Jeffrey Jackson


News flash: The world is round and vinyl records are flat

  • February 6, 2016
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Rapper B.o.B. has made news lately—no, not for his music; that ain’t happening—for loudly proclaiming that the world is flat and that all scientific claims to the contrary are part of a giant, centuries-long conspiracy. (To accomplish what, exactly, B.o.B. is unclear.)

But that’s not the only resurrection of old, dead ideas coming out of the music industry these days. There’s another, even wackier notion, and this one is growing in popularity every day. I’m talking about the return of vinyl records.

Vinyl is all the rage again—the newest badge of hipster honor. At first it just seemed like a nostalgic novelty, like hanging a distressed transit sign on your wall. But now it’s getting out of hand. All over the place, I’m hearing with increasing frequency how vinyl is superior to digital recordings—warmer, with greater frequency response, more “real.”

If this trend has you jazzed, I hate to break it to you but vinyl sucks. Always has. Always will. (Actually, I don’t hate breaking it to you at all. I kinda like it. It brings almost as much satisfaction as would clocking B.o.B. with that giant globe from my 3rd grade geography class.) Just like it’s scientifically impossible for the world to be flat, it is equally impossible for vinyl to sound better—unless you like the sound of hiss, crackles, and pops.

Vinyl record technology is based on a needle scraping along a groove with minute variations that make the needle vibrate and allow the record player to electrically translate those vibrations into sound. The needle in the groove is kind of like a car traveling along a street. But once you factor in dust, shmutz and the inevitable wear and tear to both the vinyl and the initially razor-sharp needle that rapidly becomes dull as a thimble, then that sleek car gliding down a pristine street becomes more like a bulldozer plowing a potholed highway littered with boulders, debris and roadkill.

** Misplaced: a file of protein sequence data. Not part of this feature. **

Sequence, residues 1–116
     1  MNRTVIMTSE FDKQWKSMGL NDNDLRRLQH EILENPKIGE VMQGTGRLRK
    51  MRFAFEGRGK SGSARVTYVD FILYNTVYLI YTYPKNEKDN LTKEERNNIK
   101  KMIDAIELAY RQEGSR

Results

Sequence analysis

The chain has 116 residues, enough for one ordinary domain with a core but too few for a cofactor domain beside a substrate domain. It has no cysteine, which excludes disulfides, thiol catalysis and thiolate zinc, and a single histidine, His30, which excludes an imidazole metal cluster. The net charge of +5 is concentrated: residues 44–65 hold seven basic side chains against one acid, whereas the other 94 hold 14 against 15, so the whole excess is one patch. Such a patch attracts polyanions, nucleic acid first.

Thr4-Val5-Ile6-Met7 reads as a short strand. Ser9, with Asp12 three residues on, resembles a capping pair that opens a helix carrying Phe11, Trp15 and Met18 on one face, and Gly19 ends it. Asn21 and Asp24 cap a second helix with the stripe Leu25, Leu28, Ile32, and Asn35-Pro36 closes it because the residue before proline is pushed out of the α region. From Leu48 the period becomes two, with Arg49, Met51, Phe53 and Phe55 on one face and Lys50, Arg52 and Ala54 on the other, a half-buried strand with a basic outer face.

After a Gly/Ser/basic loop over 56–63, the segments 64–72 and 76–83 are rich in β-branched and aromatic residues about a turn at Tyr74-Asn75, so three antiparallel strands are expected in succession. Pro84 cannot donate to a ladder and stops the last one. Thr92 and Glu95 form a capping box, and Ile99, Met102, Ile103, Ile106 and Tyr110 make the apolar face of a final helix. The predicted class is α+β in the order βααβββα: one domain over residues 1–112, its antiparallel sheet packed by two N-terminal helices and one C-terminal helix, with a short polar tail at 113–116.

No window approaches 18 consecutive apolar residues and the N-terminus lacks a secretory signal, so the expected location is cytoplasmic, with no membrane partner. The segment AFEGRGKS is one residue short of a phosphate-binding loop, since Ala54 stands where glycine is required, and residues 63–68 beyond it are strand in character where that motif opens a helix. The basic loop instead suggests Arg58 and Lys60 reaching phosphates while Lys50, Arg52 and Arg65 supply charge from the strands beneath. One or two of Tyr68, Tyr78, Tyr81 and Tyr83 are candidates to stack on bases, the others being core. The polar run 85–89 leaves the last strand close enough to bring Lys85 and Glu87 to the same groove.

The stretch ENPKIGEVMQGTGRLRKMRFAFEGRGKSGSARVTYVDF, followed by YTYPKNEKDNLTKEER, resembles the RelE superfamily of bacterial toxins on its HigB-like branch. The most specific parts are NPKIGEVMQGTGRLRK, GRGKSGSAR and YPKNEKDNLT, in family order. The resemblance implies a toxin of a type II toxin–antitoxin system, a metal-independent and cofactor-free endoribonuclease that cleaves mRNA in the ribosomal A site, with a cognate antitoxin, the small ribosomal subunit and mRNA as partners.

It may feel authentic to eschew anything digital as being cold, inhuman or lifeless, but that’s an emotional response, not a reality. The truth is that digital recordings are the real, original sound as faithfully reproduced as is technologically possible. True, MP3s compress sound in a slightly detrimental way, but they don’t introduce anything approaching the layer of aural crud that vinyl inflicted on our ears for nearly a century. Don’t take my word for it. Ask anyone in the recording business.

Being old enough to remember vinyl, I do miss one thing about it—the things in which those manhole covers were packaged… record jackets. (Cue heavenly choir.) Those were awesome. Big, 12’-square works of art often filled with goodies like posters and giant, full-color photo booklets. You didn’t need a magnifying glass to read the text and the jacket itself took on creative shapes and formats like gatefolds and mixed-media collages. Hell, the Rolling Stones’ “Sticky Fingers” even had a zipper sewn into the cover. If you’re under 40, you really missed something in album covers.

But to bring back vinyl just to re-experience the packaging is like trying recapture the carefree innocence of high school by promoting acne.

Vinyl is dead, and good riddance. And by the way, so is film, tape, black & white television, and the hand-cranked car engine. If jumping aboard the vinyl renaissance gives you a smile, go for it. Just don’t tell me it sounds better than digital. Some people’s heads may be flat, but the earth is not.

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